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Graeve, Oscar (ed.) / Delineator
Vol. 118, No. 6 (June, 1931)

[Continued articles and works],   pp. 60-65 PDF (3.4 MB)

Page 60

D E L I N E A T 0 R
Continued from page 58
the day of his graduation. She stood out,
elderly and rather heavy and rather shabbily
dressed, among the pretty, stylish women in
their graceful thirties who were grouped
around her, with a lambency which none of
them possessed. She was the personification
of triumphant maternity.
It was eight years before I saw her again.
Meanwhile her son had graduated at the head
of his class from one great university, had
taken a post-graduate course with distinction
at another, and had resigned from a lucrative,
responsible and honorable position in order to
accept another position still more lucrative,
responsible and honorable. His mounting
fortunes by this time permitted him to main-
tain a pleasant apartment in a large metropo-
lis; and chancing to pass through the city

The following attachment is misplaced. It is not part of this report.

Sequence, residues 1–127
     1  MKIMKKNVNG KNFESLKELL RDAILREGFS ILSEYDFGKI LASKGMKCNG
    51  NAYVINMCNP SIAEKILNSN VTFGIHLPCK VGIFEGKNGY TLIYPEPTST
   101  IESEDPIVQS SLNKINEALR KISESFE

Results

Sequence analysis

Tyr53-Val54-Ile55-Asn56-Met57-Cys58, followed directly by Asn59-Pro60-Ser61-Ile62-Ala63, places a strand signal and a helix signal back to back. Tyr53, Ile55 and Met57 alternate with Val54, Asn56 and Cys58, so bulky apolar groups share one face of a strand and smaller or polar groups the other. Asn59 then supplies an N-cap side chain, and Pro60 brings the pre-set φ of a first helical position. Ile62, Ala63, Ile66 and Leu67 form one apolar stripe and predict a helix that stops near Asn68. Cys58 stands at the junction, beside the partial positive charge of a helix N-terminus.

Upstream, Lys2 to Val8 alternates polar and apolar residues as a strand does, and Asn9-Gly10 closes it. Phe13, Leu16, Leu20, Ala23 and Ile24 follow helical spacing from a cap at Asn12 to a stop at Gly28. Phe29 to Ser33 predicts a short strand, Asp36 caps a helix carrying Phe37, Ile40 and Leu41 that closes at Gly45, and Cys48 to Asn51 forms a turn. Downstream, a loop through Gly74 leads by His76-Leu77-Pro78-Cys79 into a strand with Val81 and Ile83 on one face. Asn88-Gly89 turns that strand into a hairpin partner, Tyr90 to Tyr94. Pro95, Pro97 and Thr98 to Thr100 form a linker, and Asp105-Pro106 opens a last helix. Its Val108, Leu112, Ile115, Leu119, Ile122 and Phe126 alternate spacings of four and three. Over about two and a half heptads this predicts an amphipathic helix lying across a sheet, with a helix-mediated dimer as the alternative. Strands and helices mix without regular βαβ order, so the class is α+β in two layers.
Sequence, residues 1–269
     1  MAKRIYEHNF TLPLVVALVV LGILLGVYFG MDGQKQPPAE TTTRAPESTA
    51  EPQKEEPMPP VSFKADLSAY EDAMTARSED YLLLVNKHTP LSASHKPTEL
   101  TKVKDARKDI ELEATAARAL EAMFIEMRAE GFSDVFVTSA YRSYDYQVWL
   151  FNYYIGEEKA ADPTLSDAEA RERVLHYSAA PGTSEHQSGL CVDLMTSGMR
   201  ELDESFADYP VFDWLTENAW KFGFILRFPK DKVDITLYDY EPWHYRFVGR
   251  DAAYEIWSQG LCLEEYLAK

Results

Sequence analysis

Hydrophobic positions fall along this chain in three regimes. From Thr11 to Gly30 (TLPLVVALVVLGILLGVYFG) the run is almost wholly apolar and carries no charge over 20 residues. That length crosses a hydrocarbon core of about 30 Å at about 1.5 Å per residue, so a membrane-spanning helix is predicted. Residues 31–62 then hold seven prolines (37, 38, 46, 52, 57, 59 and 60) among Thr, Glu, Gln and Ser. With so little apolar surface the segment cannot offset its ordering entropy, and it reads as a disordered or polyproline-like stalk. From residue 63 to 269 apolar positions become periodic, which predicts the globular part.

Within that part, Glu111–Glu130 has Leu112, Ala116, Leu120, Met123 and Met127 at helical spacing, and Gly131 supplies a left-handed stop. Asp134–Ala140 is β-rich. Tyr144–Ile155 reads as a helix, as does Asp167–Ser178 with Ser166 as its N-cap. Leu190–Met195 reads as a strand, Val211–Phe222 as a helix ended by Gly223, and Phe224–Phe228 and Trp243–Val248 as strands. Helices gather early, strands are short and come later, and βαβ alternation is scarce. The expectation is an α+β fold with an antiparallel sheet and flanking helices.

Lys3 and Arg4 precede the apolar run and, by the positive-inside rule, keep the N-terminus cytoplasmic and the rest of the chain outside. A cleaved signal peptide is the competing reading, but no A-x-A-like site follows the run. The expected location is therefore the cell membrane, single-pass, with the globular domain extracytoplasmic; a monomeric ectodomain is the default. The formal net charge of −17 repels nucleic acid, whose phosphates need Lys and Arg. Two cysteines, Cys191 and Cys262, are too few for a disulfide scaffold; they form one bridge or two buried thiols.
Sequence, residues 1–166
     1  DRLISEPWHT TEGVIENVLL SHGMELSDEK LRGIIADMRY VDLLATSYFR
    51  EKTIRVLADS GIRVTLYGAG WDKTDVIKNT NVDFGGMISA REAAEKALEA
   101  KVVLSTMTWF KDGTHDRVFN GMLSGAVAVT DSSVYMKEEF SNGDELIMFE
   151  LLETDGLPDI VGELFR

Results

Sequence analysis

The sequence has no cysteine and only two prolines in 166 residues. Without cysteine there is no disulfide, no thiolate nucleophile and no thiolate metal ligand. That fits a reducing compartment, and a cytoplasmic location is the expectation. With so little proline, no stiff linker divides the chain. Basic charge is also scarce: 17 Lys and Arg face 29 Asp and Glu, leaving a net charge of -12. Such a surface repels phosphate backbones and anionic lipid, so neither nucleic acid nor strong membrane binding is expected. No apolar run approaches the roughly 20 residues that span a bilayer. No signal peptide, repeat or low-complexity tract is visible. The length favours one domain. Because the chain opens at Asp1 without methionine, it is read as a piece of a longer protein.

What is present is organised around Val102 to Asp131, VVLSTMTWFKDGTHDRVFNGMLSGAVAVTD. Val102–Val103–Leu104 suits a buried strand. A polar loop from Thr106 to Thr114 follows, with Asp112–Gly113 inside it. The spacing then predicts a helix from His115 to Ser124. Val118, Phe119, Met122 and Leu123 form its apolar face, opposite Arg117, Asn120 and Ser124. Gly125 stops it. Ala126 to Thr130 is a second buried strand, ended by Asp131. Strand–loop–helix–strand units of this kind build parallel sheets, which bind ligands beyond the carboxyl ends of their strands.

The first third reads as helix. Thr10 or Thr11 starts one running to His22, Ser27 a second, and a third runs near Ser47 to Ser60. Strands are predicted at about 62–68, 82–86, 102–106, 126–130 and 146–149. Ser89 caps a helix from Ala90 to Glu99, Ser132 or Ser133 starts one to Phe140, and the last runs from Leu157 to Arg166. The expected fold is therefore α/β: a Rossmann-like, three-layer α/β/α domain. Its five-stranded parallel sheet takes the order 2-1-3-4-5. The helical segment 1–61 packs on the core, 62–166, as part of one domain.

where he lives, I telephoned to find out
whether he would have the leisure and in-
clination to come and see me. The telephone
was answered by his mother, and at seven
that evening he and she joined me for dinner.
I never shall forget the occasion.  Un-
consciously, serenely, radiantly, that woman
dominated it. It appeared that her elder
children now all had large and demanding
families; she and her youngest son were still
"on their own." I ut she did not live with
Sam, she exclaimed; that NNould hamper them
both too much. ('1 hem both!") She came
down, however, from her cottage in the
country to spend a few days with him when-
ever she felt like it; and whenever he could,
he left his apartment in the city and spent a
week-end with her. All in all, they were